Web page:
ABOU JOK, JANAN, CI. 26.887.856 BARADA, NOUR, CI. 27.870.610 Abou Jok Janan, CI. 26887856 Barada Nour, CI. 27870610
I have cooked I have written He has cooked He has written (I've cooked, He's cooked)
I have not worked (I haven't worked) He has not worked (He hasn't worked) Question: Have you worked? Neg. question: Have you not worked? (Haven't you worked?)
Use The present perfect combines the past and present. 1. We use the present perfect simple for actions or states that started in the past and still continue.
She has known me for more than two years.
We use it to describe an experience that happened in the past (the time is not given), but the effects are important now.
She has been to London. (And so she knows London.)
When we use this tense to express some experience, we can use following adverbs - ever, never, already, often, occassionally, yet, before...
Have you ever tried it? She has never read this book.
The present perfect simple is used for past activities that have a present result. The bus hasn't arrived.
(It did not arrived on time and we are still waiting now.) I have bought a new house. (I did it last month and it means that now I have a new address.)
PRESENT PERFECT POSITIVE SUBJECT I / you / we / they He / she / it
HAVE / HAS have has
PAST PARTICIPLE written written
In spoken English, it’s common to use the contraction: I’ve written three books. Barbara’s forgotten her cell phone. He’s just woken up. In this case, he’s, she’s, Barbara’s, etc. mean he has, she has, and Barbara has, not he is, she is, or Barbara is.
PRESENT PERFECT NEGATIVE SUBJECT I / you / we / they He / she / it
HAVEN’T / HASN’T Haven’t Hasn’t
PAST PARTICIPLE seen seen
I haven’t seen John this week. Mary hasn’t come to class for the past two days.
PRESENT PERFECT QUESTIONS HAVE / HAS Have has
SUBJECT I / you / we / they He / she / it
PAST PARTICIPLE Finished? Finished?
Have you finished the project yet? Has George ever been to New York? How to answer present perfect questions: Have you been to London? Yes, I have. / No, I haven’t. Has Alex met Miriam yet? Yes, he has. / No, he hasn’t. Have the results of the election been announced? Yes, they have. / No, they haven’t.
Form Positive statement: I will learn (I'll learn), He will learn (He'll learn) Negative statement: I will not learn (I won't learn), He will not learn (He won't learn) Question: Will you learn? Neg. question: Will you not learn? (Won't you learn?) We can also use shall in the first person singular and plural (I, we). But this form is quite formal in modern English and is not very common. I shall do it for you. We shall come soon.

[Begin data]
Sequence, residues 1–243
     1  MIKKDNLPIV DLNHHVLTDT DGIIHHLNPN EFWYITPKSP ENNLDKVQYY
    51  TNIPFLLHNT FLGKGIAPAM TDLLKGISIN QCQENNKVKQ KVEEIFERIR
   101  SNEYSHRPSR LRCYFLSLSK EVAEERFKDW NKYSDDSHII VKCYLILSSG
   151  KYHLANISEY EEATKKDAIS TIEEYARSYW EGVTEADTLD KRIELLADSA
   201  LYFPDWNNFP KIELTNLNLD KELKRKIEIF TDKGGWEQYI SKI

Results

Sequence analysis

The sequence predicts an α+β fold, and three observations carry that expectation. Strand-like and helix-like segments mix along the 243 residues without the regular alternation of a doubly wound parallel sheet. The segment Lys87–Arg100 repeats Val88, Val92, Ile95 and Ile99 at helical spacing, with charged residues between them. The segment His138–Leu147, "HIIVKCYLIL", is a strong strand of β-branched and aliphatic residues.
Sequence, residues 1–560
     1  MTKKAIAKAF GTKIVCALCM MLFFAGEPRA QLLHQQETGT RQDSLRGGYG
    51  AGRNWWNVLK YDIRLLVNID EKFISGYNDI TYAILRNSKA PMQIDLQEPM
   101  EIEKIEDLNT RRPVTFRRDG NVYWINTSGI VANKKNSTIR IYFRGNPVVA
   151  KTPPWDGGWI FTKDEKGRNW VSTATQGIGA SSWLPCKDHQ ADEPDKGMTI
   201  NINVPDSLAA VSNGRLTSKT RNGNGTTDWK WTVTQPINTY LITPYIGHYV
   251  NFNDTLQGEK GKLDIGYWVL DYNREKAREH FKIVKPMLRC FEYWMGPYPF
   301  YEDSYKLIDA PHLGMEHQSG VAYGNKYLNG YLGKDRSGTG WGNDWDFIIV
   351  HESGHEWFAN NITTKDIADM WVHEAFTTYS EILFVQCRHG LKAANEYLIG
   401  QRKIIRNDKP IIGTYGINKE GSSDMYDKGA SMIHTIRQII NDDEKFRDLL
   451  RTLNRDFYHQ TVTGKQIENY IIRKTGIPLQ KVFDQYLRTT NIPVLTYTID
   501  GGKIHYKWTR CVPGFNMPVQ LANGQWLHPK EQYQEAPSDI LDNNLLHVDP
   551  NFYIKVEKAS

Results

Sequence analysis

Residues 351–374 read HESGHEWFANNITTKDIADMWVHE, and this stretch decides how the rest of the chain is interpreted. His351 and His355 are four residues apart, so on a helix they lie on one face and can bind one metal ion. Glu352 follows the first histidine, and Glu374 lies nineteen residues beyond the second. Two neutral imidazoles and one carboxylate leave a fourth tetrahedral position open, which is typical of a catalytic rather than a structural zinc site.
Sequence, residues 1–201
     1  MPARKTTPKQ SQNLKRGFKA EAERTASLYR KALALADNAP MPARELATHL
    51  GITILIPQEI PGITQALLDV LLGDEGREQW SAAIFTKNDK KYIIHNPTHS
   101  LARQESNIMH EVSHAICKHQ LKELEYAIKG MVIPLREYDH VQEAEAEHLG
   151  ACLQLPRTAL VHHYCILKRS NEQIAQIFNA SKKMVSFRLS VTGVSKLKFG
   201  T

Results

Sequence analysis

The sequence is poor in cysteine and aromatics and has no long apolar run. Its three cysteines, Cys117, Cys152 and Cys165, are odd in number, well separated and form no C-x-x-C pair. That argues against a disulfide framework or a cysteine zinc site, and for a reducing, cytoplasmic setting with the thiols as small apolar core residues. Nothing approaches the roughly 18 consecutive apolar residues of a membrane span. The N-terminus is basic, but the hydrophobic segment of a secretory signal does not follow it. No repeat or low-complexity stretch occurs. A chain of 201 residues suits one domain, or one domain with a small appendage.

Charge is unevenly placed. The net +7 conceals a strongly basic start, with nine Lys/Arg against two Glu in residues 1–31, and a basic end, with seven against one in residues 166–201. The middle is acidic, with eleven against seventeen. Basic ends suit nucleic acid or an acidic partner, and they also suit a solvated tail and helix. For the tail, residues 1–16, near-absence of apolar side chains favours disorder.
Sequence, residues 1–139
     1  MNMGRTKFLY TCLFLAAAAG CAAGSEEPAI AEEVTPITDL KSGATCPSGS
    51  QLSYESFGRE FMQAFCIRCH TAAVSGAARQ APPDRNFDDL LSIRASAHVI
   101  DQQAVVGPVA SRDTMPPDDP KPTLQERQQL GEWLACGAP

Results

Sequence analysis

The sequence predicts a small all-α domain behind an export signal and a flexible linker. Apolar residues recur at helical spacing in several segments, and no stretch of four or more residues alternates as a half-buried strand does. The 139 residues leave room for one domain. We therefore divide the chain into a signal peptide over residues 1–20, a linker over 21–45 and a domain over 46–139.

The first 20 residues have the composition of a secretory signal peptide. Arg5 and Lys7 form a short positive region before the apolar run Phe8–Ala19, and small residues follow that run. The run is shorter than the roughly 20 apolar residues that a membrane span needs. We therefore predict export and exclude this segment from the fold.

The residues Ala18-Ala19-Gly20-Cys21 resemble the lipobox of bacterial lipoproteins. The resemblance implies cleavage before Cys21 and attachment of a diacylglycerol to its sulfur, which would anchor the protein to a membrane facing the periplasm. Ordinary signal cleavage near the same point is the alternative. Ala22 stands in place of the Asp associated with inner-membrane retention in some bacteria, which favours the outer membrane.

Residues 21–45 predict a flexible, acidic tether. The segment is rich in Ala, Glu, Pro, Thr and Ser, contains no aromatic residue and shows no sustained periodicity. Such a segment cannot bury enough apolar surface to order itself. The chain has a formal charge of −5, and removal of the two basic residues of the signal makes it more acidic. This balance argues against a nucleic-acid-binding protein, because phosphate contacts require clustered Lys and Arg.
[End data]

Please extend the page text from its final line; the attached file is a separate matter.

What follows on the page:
Use Will is used as a modal auxiliary verb to show a general intention.
He will change his job. We'll travel abroad. (short form of will) I will not need it.
Will is used for predictions or opinions.
It will snow in winter. The horse will not win. We can use following verbs or adverbs to express that we assume something, but we are not sure: think, be sure, hope, believe, suppose, perhaps, possibly, probably, surely
Will is used to express a decision or offer made at the moment of speaking.
Can I walk you home? - No, thank you. I'll take a taxi. Please, tell Peter about it. - O.K. I'll call him. But: I am going to call Peter. Do you want me to say hello to him? (Going to expresses our decision made before the moment of speaking.)
Form Positive statement: I will be sitting (I'll be sitting) Negative statement: I will not be sitting (I won't be sitting) Question: Will you be sitting? Neg. question: Will you not be sitting? (Won't you be sitting?)
Use This tense is used for an action that will be in progress at a point of time in the future. It will start before that point of time and will continue after it. The point in time can be given by a time expression or by another action in the future simple (will). This usage is very similar to the past continuous in this aspect.
At 8 o'clock I will be travelling to Dorset. This time tomorrow we'll be lying on the beach.
(In these two sentences the point of time that we refer to is given by a time expression.)
The shop will be closed. Will you be working? I'll be sleeping when you come back.
(In these two sentences the point of time that we refer to is given by another activity.) The future continuous describes the idea that something will happen in the normal course of events. It refers to a routine activity, not an intention, decision or plan.
I'll be writing to you again. (I always write to you, so I'll do it again, as usual.) They'll be leaving on Friday. You can join them. (They normally leave on Fridays.) Everybody will be working on a computer sooner or later. (If nothing special happens.)
Published on Mar 8, 2018